Historical sites in the BVI

You can’t go wrong with an archipelago of 60 islets, cays and their reefs. On the surface, the British Virgin Islands are charming, idyllic, and beyond tranquil. You can rent a catamaran and dash on day trips between Virgin Gorda and Jost Van Dyke, splash past The Dogs and have a snorkel on North Sound. But if you really want to get to know these islands, there is centuries-old history ready to tell its story through museums, art galleries and even the odd shell collection.

Start with the Saba Rock Nautical Museum. Owned by a veteran diver, this treasury is comprised of flotsam and jetsam from the sea. Brought to life on land, you can browse nifty artifacts from nearby shipwrecks including the RMS Rhone. Don’t go home empty handed: pick up a sea faring souvenir when you pass through.

On a slightly bigger scale than the Nautical museum, the VI Maritime Museum in Paraquita Bay on Tortola preserves the rich boating history of the Virgin Islands. The VI served as a trade hub, a pit stop for merchants and a centre for boat building. Out of the 18th century shipping activity, the VI developed its own unique boat design called “The Tortola Boat”. This museum also displays artifacts from popular shipwrecks in the area, and hosts educational programs to encourage future preservation.

In Road Town, Tortola, you’ll find a galleria of art from a long list of talented local creators. On Main Street, it’s simply called “The Gallery”. Water colours, handpainted silk, oil colours, lithographs and giclee prints are on sale. The Gallery, is as its name promises, the place to buy works of art inspired by life in the Virgin Islands. The pieces depict animals like geckos and cows, tropical birds, flora, people, all the sights and sounds that will warm your heart to the Virgin Islands.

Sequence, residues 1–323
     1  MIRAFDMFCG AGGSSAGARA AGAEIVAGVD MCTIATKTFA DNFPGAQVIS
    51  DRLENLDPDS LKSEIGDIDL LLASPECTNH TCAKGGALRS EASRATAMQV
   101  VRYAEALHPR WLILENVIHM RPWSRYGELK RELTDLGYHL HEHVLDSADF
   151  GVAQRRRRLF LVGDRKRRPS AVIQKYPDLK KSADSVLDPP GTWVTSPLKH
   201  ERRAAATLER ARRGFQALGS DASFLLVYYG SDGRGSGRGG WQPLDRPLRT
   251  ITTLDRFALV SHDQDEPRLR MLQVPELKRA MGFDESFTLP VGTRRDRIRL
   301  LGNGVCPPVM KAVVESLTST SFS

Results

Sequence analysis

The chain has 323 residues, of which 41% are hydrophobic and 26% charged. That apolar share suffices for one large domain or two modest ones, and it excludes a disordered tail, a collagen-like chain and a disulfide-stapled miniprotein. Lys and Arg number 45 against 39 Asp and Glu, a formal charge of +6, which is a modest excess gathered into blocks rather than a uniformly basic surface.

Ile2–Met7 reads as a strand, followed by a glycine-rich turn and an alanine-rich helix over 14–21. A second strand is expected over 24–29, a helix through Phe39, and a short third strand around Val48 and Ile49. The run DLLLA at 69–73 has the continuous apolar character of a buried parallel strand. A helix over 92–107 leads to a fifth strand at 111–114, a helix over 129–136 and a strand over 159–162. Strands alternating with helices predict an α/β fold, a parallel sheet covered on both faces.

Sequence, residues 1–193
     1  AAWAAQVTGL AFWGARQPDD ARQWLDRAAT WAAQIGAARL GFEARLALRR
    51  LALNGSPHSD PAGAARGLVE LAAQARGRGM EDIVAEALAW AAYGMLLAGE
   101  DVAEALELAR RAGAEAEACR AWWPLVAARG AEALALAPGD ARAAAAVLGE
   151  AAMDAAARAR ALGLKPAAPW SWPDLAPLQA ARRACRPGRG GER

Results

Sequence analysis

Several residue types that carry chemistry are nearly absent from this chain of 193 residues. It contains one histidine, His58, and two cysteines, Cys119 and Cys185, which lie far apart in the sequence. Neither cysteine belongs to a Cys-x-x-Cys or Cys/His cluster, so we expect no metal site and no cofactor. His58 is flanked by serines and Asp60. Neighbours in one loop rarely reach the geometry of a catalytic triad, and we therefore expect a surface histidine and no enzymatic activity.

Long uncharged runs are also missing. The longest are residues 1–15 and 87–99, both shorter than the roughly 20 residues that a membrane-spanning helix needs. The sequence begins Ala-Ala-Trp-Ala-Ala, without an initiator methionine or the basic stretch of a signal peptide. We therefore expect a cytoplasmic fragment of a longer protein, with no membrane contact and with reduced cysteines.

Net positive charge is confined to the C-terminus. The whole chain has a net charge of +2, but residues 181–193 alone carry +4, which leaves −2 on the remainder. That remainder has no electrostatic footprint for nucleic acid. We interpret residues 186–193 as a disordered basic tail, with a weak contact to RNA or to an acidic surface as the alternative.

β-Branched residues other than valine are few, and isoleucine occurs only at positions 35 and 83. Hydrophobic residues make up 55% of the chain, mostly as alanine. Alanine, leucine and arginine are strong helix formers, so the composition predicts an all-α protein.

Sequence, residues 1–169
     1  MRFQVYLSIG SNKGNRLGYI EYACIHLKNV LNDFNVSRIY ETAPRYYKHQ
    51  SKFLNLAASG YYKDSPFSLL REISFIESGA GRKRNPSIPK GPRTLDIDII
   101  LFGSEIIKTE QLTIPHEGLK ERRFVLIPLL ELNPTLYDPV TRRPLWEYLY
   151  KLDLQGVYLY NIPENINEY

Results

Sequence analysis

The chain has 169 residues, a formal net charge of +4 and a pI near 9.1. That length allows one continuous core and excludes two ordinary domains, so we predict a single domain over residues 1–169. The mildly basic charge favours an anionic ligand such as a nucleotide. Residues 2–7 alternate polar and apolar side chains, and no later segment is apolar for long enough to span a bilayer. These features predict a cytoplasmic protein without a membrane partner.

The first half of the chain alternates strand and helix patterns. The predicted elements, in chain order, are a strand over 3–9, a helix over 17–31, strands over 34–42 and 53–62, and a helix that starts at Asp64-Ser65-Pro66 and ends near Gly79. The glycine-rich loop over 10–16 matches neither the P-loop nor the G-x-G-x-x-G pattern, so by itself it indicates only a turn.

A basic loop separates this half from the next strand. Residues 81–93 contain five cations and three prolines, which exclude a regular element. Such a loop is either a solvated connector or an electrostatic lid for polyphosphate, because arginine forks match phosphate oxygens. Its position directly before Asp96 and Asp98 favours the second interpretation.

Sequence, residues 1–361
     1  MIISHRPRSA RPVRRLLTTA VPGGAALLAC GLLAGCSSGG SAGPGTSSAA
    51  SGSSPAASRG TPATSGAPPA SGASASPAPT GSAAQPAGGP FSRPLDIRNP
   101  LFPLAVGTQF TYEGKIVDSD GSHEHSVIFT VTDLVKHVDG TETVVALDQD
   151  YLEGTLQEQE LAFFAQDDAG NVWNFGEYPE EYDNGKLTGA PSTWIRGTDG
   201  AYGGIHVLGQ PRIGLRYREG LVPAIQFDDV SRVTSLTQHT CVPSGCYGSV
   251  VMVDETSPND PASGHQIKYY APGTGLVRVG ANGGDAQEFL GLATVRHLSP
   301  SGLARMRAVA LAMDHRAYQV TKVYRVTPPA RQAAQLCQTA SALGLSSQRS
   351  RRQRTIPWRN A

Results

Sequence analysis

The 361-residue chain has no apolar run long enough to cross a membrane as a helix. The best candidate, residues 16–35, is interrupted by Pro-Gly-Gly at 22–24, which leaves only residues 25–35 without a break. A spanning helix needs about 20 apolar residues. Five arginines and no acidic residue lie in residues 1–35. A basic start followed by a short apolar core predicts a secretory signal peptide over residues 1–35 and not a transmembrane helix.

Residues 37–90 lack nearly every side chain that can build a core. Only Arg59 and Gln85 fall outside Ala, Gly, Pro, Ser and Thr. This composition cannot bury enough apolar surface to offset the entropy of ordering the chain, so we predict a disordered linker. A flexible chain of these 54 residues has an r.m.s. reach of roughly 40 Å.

For a bit of history, the 1780 Sugar Works Museum acts as a cultural centre. Originating in 1780, as its name implies, the plantation-style building was built by slaves and devoted to sugar production until cotton was added in the 1900’s. A visit will give great insight into the Caribbean’s intriguing colonial history. The museum also hosts cultural exhibitions including visual art, photography and writing in its Cosmopolitan Hall. You’ll also spy jewellery on display made from local trees and materials including the sandbox tree and whelk shell.

Old Government House Museum is another cultural treasure located in the heart of Road Town. For a bit a royalty, visitors can walk through the former residence of governors formerly appointed by the Queen of England. It features period furniture, antique furnishings and artefacts that showcase the rich history of the Virgin Islands and hand signed books by Queen Elizabeth II during her visit to the British Virgin Islands in 1966 and 1977.


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